The Upper West Side of Manhattan has been one of New York’s most recognizable neighborhoods, featured in dozens of films and television shows; our cultural landmarks run the gamut from Lincoln Center to Zabar’s food emporium. However, visitors and even residents of the Upper West Side might not be aware that the neighborhood has a rich activist history.
Learning our community's history
Delving into the community’s past has been one of the highlights of running the New York Public Library's Community Conversations program  at the St. Agnes Library. The participants and I learned about Operation Move-In, a local tenant’s squatters movement and the birth of the organization El Comite.
El Comite was predominantly founded by Puerto Rican immigrants and in the most unlikely circumstances. According to co-founder Pedro Rentas, the organization began on a hot summer day in June 1970 when a group of thirsty softball players called on their neighbors to collect money for beer. They were able to collect over $100!
Feeling guilty about spending all the money on beer, they bought ice cream for the neighborhood children. This simple act inspired them to do more for their community: they started to clean the local basketball court, showed outdoor movies, and eventually become organizers in Operation Move-In and officially named themselves El Comite.
According to Rentas, “the softball players were not part of any social action or political movement. The friends had not discussed politics and had no political aspirations. However, within a short span of several months, they squatted in a storefront on Columbus Avenue and West 88th Street and became principal agitators for housing rights in their neighborhood.”
From history, a springboard to engagement
Learning the origin story of El Comite provided our patrons with a greater sense of the vibrant history of their neighborhood. Since our first session, we’ve covered a wide array of topics, from gentrification to reducing plastic waste, working with several community organization and stakeholders. Our councilmember, Helen Rosenthal, led a discussion on civic engagement in New York. In addition, we partnered with the city’s Sanitation Department to distribute free, reusable plastic bags to our patrons.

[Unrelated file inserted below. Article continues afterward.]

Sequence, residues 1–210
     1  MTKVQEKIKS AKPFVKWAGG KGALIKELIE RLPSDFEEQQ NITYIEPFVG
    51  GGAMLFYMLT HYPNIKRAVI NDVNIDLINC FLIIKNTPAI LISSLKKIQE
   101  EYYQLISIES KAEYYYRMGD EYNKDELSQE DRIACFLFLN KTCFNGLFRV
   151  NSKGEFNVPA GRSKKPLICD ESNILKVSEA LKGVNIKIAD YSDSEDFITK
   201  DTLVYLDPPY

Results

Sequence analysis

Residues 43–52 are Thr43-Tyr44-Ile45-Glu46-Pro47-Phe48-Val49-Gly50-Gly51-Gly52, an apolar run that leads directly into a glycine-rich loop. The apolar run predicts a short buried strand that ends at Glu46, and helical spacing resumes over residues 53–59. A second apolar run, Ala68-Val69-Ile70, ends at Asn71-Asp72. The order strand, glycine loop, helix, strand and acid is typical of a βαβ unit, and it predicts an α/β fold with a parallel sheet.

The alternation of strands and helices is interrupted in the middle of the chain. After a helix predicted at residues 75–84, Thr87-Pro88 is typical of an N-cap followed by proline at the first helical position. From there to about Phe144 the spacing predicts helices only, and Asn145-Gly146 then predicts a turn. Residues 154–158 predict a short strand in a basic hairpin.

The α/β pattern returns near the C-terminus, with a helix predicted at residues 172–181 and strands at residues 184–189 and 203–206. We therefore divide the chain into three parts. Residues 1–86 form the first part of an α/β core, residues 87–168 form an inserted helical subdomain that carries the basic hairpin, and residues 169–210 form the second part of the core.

The St. Agnes Library is proud of what we’ve been able to accomplish through The New York Public Library’s Community Conversations program. But it’s safe to say the program has limitless potential to inform and educate our patrons. One of my favorite conversations, A World in Transition: Current Events in Context, allowed participants to take a step back and look at history from a broader perspective. Borrowing from the study of "Big History," we juxtaposed current events in light of the accelerating rapidity of change since the Industrial Revolution. This discussion was one of the most popular that we had; at least a handful of patrons expressed to me that they don’t have the opportunity to discuss these topics outside the library.
A recent study by Cigna  revealed that nearly half of all Americans feel lonely. Libraries are often the only public institution that can offset this isolation. Programs like Community Conversations provide a needed avenue where patrons can interact and engage with their neighbors. We can discuss unique ideas, support civic engagement, and provide a safe space for all.
Irfan Ali is a librarian at the St. Agnes Branch of the New York Public Library.